Thu | Oct 19, 2017

Dwight Nelson quits politics

Published:Wednesday | May 27, 2015 | 12:00 AMGary Spaulding
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Dwight Nelson, the politician who commanded the gritty national security portfolio when police and soldiers swept into west Kingston five years ago to apprehend community strongman Christopher 'Dudus' Coke, has walked off the political stage.

Nelson told The Gleaner that he was bowing out to make way for younger political aspirants.

"I think the time has come for me to step aside for the younger ones," said the Jamaica Labour Party (JLP) stalwart.

His disclosure coincides with the fifth anniversary of the police-military incursion in the JLP stronghold of Tivoli Gardens and its environs. It comes at a time when a commission of enquiry is attempting to ferret out the truth about the deaths and devastation wrought by the operations.

Nelson described his time in politics - from his first appointment to the Senate in 1983 - as being oftentimes controversial but at all times satisfying.

"I have been able to serve the people of Jamaica," he told The Gleaner.

But he was more detailed as he posted on the social-media platform Facebook.

"I now have no political colour nor friends, perhaps enemies, but Jah is my guide," he declared.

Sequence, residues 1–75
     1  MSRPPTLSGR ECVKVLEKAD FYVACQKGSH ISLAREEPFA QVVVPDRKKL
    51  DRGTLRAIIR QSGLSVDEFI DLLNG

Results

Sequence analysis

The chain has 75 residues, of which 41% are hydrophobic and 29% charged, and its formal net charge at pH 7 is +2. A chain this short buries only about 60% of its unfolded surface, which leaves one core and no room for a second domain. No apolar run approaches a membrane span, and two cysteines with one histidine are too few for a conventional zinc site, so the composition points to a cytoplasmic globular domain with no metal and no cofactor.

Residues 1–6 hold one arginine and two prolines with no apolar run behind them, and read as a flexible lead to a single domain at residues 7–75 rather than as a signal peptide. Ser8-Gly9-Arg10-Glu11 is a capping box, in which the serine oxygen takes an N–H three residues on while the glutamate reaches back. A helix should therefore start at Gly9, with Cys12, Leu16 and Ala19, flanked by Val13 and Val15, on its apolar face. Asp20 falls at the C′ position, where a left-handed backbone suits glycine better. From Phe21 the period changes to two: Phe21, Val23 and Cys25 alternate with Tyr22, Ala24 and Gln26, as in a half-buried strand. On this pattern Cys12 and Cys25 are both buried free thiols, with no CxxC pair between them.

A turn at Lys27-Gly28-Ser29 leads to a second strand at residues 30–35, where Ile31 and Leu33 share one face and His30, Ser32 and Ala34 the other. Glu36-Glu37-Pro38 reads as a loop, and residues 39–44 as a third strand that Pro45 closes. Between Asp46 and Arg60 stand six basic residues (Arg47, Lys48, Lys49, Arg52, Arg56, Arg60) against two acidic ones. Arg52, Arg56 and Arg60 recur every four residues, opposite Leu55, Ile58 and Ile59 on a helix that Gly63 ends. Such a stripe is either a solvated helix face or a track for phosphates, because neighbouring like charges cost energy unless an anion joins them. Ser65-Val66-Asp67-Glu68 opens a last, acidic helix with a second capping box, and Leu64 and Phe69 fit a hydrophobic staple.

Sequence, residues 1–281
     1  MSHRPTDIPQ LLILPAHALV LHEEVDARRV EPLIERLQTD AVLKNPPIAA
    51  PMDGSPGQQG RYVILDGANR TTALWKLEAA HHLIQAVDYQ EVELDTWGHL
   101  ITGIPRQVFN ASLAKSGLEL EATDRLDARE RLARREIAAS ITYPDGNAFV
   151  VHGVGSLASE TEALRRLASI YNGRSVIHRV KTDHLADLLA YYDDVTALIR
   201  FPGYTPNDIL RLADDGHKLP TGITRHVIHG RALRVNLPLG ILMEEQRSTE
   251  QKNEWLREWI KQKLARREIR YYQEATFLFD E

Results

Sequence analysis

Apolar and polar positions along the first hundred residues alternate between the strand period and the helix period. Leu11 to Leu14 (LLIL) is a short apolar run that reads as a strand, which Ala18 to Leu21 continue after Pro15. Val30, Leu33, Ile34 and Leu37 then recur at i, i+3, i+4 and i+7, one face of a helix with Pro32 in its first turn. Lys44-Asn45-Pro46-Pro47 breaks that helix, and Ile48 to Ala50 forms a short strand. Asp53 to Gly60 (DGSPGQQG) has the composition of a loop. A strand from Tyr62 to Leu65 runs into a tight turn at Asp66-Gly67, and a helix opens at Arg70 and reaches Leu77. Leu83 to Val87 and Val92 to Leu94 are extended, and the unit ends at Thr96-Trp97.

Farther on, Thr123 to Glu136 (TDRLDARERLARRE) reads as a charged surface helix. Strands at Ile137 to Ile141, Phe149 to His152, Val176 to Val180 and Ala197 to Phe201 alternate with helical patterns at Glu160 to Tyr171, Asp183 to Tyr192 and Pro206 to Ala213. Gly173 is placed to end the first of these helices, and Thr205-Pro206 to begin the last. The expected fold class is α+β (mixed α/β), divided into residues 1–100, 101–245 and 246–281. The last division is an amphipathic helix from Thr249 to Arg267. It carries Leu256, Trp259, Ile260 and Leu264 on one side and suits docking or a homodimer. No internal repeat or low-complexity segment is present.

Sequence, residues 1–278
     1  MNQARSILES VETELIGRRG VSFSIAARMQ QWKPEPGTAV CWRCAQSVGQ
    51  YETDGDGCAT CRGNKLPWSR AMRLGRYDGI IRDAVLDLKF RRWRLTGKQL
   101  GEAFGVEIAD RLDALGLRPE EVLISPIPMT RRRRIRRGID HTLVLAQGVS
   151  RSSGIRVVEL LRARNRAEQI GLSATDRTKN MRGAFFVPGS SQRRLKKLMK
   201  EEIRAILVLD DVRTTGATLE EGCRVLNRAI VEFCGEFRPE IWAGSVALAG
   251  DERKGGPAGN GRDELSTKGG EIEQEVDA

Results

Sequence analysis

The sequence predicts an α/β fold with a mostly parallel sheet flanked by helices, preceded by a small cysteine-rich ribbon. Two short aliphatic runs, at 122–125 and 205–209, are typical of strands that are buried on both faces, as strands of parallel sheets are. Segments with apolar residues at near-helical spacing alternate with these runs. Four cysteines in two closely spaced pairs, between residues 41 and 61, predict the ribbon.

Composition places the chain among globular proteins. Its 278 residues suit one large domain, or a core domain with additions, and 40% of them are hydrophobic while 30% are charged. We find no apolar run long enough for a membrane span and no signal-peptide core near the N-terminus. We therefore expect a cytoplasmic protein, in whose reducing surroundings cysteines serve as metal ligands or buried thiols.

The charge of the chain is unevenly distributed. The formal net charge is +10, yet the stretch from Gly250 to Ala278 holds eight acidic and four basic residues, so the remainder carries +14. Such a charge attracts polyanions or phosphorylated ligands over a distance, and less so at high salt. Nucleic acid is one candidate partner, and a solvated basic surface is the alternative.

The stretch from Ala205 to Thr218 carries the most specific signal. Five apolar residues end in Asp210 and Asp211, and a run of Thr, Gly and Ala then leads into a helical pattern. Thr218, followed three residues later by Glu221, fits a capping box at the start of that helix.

When The Gleaner asked him to clarify, Nelson said: "I have posted that I am no colour - orange nor green. This simply means that I am a nationalist."

He added: "Don't forget that I led 13 major unions in negotiations with [then] Minister of Finance Dr Omar Davies to the signing of the first public-sector memorandum of understanding."

He told The Gleaner that some people in the JLP wanted him expelled at the time for playing that role.

"I was deputy chairman of the Michael Manley Foundation as a Labourite - a real nationalist," he declared.

Asked whether he was throwing in the towel once and for all, with no intention of returning, Nelson said: "Very much so. I have now extricated myself from all political affiliations and activities."

'LONG JOURNEY'

He characterised his foray into the political arena as a "long journey".

"From sitting at Irish Town with Edith Nelson, [and] Lady and Sir Alexander Bustamante to visiting Sir Donald Sangster in Montreal, to being a confidant for Hugh Shearer, a working associate for Edward Seaga and Bruce Golding, and chief of staff for Andrew Holness," he said.

Nelson figured prominently as national security minister in the high-profile extradition controversy surrounding Coke that precipitated the 2010 police-military operation that claimed the lives of more than 70 persons.

A trade unionist by profession, Nelson also spearheaded the bipartisan approach in forging the first social partnership pact with the public-sector workers nearly a decade ago.

He disclosed that while on retirement, he will be completing a book on former Prime Minister Hugh Shearer.

Noting that he functioned in the capacity of senior vice-president of the Bustamante Industrial Trade Union, then as a director in the Matalon Group of Companies and as minister with responsibility for the public service in the Ministry of Finance, Nelson said: "No other person has represented at managerial level, labour capital, and Government."

gary.spaulding@gleanerjm.com